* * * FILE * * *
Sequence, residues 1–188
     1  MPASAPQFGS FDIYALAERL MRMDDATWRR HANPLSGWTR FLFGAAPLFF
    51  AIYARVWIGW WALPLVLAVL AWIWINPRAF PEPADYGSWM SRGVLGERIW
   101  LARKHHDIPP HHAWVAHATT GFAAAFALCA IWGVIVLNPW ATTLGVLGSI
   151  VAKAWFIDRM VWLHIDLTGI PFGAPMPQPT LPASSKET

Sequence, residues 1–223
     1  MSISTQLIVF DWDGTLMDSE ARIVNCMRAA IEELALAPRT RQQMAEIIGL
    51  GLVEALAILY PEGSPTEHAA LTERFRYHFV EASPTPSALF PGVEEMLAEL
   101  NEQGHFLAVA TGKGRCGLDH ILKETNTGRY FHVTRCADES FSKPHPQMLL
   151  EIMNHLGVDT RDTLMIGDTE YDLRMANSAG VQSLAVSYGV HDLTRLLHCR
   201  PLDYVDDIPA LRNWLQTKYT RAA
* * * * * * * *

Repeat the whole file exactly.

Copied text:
Sequence, residues 1–188
     1  MPASAPQFGS FDIYALAERL MRMDDATWRR HANPLSGWTR FLFGAAPLFF
    51  AIYARVWIGW WALPLVLAVL AWIWINPRAF PEPADYGSWM SRGVLGERIW
   101  LARKHHDIPP HHAWVAHATT GFAAAFALCA IWGVIVLNPW ATTLGVLGSI
   151  VAKAWFIDRM VWLHIDLTGI PFGAPMPQPT LPASSKET

Sequence, residues 1–223
     1  MSISTQLIVF DWDGTLMDSE ARIVNCMRAA IEELALAPRT RQQMAEIIGL
    51  GLVEALAILY PEGSPTEHAA LTERFRYHFV EASPTPSALF PGVEEMLAEL
   101  NEQGHFLAVA TGKGRCGLDH ILKETNTGRY FHVTRCADES FSKPHPQMLL
   151  EIMNHLGVDT RDTLMIGDTE YDLRMANSAG VQSLAVSYGV HDLTRLLHCR
   201  PLDYVDDIPA LRNWLQTKYT RAA